Set up the grill area in an open space. You are making a contained fire, so make sure there is no trees, fences etc nearby. Have a water bucket or fire extinguisher nearby, and keep kids and pets away from the area. Use proper equipment like long-handled tongs and insulated BBQ-gloves.

For charcoal, buy a good quality charcoal, which is cut to large chunks. The small cheap ones just burns away superfast, and are suitable only for quick bbq’s.

When you lit the BBQ the best way to do it use the chimney starter (like in the picture below). It also protects you and the coals, and can be used easily even on the windy day.

Metal barbecue chimney starter

If you dont have a chimney, arrange your charcoal in a stack, put firelighters or newspapers between the charcoal and allow the flames to catch.

So when is your charcoals ready for some action? You need to let the flames die completly and let coal ashen. So dont hurry, all you are going to achieve with being too fast here is burnt food.

Barbecue coals lit up


Black or grey with flames: Not ready yet. Step away, have a beer and relax.

Glowing white hot with red centres (blow very gently to check): Ready for direct heat.

Ashy white but still very
 hot: Ready for indirect
 heat or cooking in the coals.



Preparing the best Ribeye steak

Our BBQ-meister showed us an easy way to make a delicious Ribeye. Remember to take the meat our from the fridge around 1 hr before, so it is room temperature when you are ready for some action!

At this point, you can gently rub in some spices of your choice, like blackpepper, chilipowder etc, but NO SALT!

When you have glowing white hot coals with red centres, we are almost ready to start our mouth watering BBQ-session! Rub the ribeyes with some red wine vinegar and throw them in the coals! After around 15-20 seconds, lift the steaks away a bit, and scratch the coals away that have attached to the meat. Then continue to bbq around 1 minute on each side, until the meat is medium or medium-rare. Check the pictures below how it looks in action!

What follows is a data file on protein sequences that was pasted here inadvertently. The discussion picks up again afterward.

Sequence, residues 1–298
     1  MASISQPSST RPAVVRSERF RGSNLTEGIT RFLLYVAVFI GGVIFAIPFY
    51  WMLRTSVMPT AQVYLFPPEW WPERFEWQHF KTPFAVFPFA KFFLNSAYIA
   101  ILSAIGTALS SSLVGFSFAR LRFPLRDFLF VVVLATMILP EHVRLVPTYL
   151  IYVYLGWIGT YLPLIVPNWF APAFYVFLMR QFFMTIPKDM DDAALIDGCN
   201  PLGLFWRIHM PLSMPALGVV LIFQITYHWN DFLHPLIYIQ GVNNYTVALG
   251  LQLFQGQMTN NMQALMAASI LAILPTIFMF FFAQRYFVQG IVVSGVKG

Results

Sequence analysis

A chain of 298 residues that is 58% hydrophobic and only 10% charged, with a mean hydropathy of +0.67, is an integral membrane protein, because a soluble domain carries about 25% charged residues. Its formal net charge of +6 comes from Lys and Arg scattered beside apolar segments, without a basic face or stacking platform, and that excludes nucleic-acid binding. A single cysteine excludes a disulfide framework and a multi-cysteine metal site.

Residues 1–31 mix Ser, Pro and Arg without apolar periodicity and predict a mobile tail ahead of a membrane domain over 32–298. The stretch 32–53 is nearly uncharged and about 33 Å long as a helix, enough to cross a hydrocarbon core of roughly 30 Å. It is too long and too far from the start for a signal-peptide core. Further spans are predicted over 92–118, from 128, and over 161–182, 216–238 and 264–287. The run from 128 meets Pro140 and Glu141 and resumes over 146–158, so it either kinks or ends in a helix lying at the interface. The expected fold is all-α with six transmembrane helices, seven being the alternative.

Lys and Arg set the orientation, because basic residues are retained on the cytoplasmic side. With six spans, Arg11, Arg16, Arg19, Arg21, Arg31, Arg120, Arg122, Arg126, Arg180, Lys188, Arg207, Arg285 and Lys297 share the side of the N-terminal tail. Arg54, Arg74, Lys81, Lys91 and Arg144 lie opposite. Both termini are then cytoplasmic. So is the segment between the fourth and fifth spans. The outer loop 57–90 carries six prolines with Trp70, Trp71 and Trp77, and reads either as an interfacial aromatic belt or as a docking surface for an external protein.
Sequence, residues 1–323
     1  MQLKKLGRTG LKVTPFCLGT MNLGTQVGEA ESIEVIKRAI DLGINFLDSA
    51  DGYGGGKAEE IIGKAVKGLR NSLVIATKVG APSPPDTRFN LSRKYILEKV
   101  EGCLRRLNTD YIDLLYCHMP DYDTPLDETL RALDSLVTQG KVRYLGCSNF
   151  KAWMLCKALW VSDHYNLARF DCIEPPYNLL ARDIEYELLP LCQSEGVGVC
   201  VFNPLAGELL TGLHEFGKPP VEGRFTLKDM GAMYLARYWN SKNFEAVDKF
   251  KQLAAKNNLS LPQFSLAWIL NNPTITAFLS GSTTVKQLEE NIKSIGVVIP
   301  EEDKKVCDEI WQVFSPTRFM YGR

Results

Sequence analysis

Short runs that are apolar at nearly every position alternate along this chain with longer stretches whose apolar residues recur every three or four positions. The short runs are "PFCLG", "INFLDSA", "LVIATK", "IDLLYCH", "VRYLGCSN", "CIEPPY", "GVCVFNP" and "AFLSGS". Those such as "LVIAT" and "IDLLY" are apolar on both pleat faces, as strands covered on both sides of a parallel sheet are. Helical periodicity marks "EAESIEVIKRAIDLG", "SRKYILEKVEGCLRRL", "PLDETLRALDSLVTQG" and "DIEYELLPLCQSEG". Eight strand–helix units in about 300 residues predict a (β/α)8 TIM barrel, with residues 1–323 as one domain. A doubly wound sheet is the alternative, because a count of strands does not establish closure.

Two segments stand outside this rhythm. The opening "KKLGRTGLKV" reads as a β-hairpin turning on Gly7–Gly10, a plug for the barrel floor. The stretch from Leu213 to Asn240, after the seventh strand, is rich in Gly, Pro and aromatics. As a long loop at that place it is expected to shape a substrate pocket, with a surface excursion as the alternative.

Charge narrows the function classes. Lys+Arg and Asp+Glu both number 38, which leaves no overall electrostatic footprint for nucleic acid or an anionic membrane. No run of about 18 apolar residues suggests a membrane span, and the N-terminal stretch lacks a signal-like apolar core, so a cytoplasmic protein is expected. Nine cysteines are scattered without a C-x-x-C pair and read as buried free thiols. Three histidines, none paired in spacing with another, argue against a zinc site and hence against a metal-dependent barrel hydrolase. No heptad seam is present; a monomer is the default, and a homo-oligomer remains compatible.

After the meat is ready, put them to a wooden surface to rest for few minutes, dash some seasalt on top of them and slice the meat. Thats all, now you have the perfect ribeye! 



We at Chanz want to thank Enn Tobreluts BBQ Entertainment team for creating us a wonderful event!


Click on pictures to make the larger


Easter delicates – Memma


Easter.. What a wonderful time to have some days off and eat delicious food. Like memma. Atleast if you are a Finn. Or love Mämmi as it is called in Finland.


Memma is an old food mentioned already in 16th century latin scripts, but it has been eaten in Finland since 13th century. It is propably one of the oldest food traditions that hasnt changed that much. Good or bad, we let you decide. It is concidered as feast during the lent because it has some laxative and purifieng properties. It was also concidered as convenient food on Good Friday when cooking was against religious custom.



Memma is consisting of rye flower, water, powdered malt rye, salt and some orange zest. The mix will then go through a natural sweetening process and after that it is baked in the oven. After oven, it is still chilled for several days. Instead of being allowed to sweeten naturally, traditionally, commercially made mämmi is usually seasoned with dark molasses. Memma has originally only around 2 % of sugar, but the new versions can have up to 20%. It is also very protein rich.


How to eat

Generally this Easter delicassy is eaten with cold milk/cream and sugar. In the old good times, it was also used as spread to the bread. There is also beer that has Memma as main ingredience. Yummy!! Dont be afraid how it looks, just taste it! You can find Memma in many northern countries like Sweden, Finland and also in Estonia. Give it a try! 🙂

As it is Easter, have you checked our Easter Egg Hunt yet?